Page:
Riders usually spend the week before a major competition taking some lessons, running through their tests, fine-tuning all the movements. But Ashlee Watts was out of town for work, and she didn’t even get to sit on Hampton the week before the U.S. Dressage Finals.
“I almost didn’t come because I was like, ‘How can I make this happen?’ But I was like, ‘I have to go,’ ” said Watts.
Riders faced a big choice in the second—and final—jumping round of the ASPCA Maclay Final. They could jump a three-stride bending line from Fence 8 to 9, try to land the counter-canter lead off that Fence 9 and hold it around a very tight turn, or land on the inside lead, swap to the counter lead and jump Fence 10.
The first five riders in the ring for the jump-off of the $250,000 Longines Lexington FEI World Cup qualifier went for it—raced against the clock, tried sharp turns and dashed towards long distances. Then Kent Farrington and Voyeur entered the ring, galloping—flying, really—around nearly 4 seconds faster (36.93 seconds) than second-placed Callan Solem on VDL Wizard (40.69 seconds), with a round that looked impossible to catch.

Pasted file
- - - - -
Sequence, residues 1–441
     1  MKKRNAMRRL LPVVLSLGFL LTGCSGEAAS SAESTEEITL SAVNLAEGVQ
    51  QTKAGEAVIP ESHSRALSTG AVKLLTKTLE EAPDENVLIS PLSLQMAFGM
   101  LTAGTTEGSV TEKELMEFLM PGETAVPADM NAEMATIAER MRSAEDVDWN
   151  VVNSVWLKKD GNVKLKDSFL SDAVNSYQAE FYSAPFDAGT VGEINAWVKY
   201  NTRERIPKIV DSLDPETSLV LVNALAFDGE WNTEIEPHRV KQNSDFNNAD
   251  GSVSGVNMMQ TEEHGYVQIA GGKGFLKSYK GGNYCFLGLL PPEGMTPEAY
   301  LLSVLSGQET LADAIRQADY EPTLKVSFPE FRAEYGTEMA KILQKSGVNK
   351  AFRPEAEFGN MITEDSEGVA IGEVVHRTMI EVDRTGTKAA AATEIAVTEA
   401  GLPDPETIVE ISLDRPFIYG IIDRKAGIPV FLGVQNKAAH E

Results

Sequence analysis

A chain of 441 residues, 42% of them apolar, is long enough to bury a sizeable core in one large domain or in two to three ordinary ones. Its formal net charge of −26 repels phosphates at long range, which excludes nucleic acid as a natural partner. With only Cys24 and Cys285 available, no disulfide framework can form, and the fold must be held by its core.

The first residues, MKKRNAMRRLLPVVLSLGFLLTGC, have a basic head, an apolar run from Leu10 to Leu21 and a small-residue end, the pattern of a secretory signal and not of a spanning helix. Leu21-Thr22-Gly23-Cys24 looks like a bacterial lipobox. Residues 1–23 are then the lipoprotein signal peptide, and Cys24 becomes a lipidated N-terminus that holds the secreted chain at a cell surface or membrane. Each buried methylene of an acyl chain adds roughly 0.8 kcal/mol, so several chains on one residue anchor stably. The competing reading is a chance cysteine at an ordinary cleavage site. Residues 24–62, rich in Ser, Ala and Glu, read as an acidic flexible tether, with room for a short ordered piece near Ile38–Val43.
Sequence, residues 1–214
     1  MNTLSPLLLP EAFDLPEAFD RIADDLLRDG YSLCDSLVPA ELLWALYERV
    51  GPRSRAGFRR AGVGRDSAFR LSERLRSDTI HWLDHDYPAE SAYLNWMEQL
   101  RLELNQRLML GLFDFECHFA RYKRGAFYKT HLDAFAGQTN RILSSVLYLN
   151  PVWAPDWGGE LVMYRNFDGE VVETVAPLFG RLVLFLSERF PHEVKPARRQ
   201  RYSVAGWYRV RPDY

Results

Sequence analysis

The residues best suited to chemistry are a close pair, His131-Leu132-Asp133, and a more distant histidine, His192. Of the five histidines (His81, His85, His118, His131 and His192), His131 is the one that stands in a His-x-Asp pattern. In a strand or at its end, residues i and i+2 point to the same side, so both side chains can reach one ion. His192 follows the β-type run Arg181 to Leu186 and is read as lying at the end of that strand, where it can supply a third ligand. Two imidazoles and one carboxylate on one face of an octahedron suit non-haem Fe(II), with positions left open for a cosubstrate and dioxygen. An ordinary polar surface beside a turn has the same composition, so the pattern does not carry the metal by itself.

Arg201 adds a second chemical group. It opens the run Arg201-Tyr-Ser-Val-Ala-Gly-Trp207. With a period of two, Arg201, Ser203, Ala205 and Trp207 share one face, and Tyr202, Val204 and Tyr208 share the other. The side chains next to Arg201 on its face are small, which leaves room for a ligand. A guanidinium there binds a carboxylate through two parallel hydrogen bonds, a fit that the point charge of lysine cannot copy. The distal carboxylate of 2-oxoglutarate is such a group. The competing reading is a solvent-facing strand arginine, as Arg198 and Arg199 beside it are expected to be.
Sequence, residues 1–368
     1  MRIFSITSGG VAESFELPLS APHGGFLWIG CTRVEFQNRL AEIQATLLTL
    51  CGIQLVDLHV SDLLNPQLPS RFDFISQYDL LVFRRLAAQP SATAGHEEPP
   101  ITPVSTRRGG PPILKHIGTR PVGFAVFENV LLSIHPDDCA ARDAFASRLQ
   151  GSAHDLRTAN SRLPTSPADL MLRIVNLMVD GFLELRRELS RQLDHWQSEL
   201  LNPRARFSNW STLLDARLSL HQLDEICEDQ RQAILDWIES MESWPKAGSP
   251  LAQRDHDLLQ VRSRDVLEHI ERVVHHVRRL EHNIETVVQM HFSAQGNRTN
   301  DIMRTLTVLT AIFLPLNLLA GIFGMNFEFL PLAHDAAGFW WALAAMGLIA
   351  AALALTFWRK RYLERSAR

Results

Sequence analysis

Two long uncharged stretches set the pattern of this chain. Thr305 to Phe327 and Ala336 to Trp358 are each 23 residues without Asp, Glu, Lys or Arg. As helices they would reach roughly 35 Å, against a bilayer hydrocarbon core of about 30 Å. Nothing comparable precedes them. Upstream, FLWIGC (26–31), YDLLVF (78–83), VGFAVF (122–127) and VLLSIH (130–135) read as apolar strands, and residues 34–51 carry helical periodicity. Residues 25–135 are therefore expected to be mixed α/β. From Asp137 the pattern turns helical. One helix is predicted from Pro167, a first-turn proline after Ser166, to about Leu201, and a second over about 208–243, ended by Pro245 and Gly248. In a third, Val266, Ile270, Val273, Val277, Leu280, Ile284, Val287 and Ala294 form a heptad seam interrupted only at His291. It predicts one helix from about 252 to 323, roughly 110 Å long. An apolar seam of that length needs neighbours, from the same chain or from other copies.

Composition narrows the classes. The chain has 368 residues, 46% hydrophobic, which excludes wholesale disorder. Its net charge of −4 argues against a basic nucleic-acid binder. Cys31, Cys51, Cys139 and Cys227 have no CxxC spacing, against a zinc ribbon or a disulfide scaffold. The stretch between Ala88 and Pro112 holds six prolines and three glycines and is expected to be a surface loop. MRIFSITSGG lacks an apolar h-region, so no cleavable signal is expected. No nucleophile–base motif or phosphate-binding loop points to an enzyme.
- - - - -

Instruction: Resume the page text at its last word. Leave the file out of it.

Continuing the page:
Nicola Philippaerts had the good fortune to draw the very last starting place in the $380,000 Rolex Grand Prix CSI***** with H&M Harley VD Bisschop, which meant he also got to start last in the jump-off for the class. He’d watched Jessica Springsteen blaze around the short course with Cynar VA in 41.29 seconds, and so his plan wasn’t complicated, but it also wasn’t easy. He needed to go clear, and he needed to go fast.